If you would have told me 10 years ago that I would not only be attending a local plot tour focused on soybeans, but that they would make up 20 per cent of my farm’s acres, I would have never believed you. The changes and advancements in the varieties of crops we can grow here are amazing.
Last August I attended Eggum Seed Sales’ annual soybean plot tour. I expected to see the usual: replicated variety and agronomic trials showcasing soybeans. What I didn’t expect to see was the wide diversity of local farmer interest and experience in growing soybeans.
One of the major benefits to farming in southeast Saskatchewan is the large crop basket we can grow here. Being able to alter crop rotations among up to 15 different crops, based on market outlooks, farmer expertise or rotational requirements is a huge advantage that many other areas don’t have. I see it as a great benefit that can make our farm more sustainable. Beans and corn are crops that are quickly becoming a viable option for many farms, helping to provide another profitable crop option.
The plots showcased eight different soybean varieties with maturity ratings suitable to southeast Saskatchewan. Replicated trials were developed, managed, and brought to yield by Southeast Research Farm (SERF) out of Redvers, Sask. There was friendly competition among farmers as we estimated each variety’s yield potential. There was a lot of discussion of how each farmer picked the winning variety: do you judge it on overall plant appearance, plant height, number of pods and flowers, or seeds per pod?
Learning how new crops set yield is a challenge for everyone. There is still a lot to learn before we can do the quick 50 mile per hour drive by that we do with crops we are very familiar with. I’m still not sure how accurate my guesses were as the yield results have not been finalized.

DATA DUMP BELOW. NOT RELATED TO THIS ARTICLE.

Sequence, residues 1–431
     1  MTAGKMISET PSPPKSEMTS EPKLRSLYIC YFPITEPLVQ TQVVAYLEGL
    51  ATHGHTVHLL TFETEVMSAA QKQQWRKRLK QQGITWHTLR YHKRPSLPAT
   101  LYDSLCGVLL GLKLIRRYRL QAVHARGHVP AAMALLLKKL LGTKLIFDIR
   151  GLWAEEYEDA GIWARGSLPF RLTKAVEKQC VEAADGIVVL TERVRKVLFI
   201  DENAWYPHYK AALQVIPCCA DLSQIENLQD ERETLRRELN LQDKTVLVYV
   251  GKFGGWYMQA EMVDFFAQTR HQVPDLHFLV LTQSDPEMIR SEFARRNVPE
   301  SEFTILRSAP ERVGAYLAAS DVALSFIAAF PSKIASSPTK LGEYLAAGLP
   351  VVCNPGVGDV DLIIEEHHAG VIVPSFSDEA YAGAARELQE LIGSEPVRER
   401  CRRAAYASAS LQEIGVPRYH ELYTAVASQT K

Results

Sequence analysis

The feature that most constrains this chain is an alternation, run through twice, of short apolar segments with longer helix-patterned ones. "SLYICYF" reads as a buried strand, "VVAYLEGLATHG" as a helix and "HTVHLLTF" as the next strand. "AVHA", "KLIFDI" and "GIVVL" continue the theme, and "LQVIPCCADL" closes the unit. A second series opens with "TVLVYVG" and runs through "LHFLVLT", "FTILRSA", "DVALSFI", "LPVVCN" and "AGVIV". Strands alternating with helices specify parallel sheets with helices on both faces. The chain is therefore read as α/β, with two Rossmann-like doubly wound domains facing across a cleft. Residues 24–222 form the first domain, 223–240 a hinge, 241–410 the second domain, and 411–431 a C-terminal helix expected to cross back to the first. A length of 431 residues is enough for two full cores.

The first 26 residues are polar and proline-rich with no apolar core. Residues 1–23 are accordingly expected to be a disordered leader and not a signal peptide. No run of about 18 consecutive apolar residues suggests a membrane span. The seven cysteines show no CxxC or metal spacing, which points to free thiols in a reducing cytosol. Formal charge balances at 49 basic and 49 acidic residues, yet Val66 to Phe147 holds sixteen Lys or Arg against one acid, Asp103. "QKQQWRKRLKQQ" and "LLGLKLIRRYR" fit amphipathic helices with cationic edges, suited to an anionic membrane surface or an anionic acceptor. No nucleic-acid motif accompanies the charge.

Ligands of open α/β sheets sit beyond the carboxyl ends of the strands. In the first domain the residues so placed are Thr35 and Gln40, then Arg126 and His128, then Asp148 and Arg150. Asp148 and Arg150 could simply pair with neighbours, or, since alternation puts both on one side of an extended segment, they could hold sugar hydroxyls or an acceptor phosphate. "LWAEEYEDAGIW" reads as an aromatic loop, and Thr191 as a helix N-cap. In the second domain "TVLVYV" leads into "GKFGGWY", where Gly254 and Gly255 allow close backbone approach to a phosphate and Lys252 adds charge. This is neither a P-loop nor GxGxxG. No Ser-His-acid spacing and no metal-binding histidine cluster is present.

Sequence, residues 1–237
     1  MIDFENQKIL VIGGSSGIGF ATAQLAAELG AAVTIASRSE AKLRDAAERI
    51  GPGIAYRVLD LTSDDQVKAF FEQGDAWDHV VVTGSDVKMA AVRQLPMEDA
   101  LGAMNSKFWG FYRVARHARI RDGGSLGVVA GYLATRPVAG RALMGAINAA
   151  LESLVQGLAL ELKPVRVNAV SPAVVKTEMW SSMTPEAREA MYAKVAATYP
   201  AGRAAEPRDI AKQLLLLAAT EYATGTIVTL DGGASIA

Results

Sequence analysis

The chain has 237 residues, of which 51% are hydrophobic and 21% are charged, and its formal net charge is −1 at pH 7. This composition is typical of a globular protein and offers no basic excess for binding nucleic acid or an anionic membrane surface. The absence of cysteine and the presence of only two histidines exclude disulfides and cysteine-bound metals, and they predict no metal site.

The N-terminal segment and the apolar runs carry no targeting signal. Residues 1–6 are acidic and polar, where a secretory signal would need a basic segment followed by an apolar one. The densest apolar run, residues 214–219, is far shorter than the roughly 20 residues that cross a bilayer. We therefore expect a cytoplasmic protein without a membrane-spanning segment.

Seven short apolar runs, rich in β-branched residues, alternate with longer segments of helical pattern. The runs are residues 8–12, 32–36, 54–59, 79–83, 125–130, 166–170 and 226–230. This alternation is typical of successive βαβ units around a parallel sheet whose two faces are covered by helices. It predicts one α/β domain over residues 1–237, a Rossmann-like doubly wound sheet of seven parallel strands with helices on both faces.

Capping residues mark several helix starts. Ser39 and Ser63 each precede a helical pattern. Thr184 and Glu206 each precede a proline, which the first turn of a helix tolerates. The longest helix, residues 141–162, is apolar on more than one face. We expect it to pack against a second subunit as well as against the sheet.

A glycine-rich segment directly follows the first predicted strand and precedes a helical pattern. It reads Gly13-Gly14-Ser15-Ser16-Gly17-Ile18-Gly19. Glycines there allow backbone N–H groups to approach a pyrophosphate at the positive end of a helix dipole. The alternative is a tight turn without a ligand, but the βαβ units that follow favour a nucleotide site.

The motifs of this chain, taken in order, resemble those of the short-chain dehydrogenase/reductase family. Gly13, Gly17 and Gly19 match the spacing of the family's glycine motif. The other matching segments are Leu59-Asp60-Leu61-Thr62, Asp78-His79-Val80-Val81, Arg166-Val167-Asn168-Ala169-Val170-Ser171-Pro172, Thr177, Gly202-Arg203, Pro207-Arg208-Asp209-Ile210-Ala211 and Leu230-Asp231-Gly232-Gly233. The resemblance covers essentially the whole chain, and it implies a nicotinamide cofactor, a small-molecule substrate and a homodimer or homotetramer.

The importance of having proper inoculant coverage and rates for the beans is well known and researched. Beans are such a new crop to our area and there are virtually no native rhizobium in our soils, making the inoculation even more critical. Eggum Seed Sales had inoculants trials comparing liquid, granular, a combination of both, as well as one to triple the recommended rate.
The visual differences between the trials were obvious, with the beans looking healthier and a more lush green colour with the combination of both liquid and granular inoculants at increased rates. With an average bean plant requiring over four actual pounds of nitrogen per bushel, it is obvious how critical proper inoculation is.
As with all crops it is critical to find a seeding rate that balances crop maturity and yield potential. This is even more of a consideration in beans, where the seeding rate determines virtually all of the variable cost that the farmers are investing in that crop. I consider southeast Saskatchewan at times on the fringe for bean and corn production, although this is changing as higher yielding short season varieties are becoming available each year.
Seeding rate is a definite management balance between managing seed costs and obtaining proper maturity to be able to finish off the crop. As beans and corn become a bigger and more substantial portion of our crop basket there is a definite need to evaluate and compare a planter vs. solid seeding with a drill. Eggum Seed Sales is planning to look at different seeding systems in their fieldwork in the future.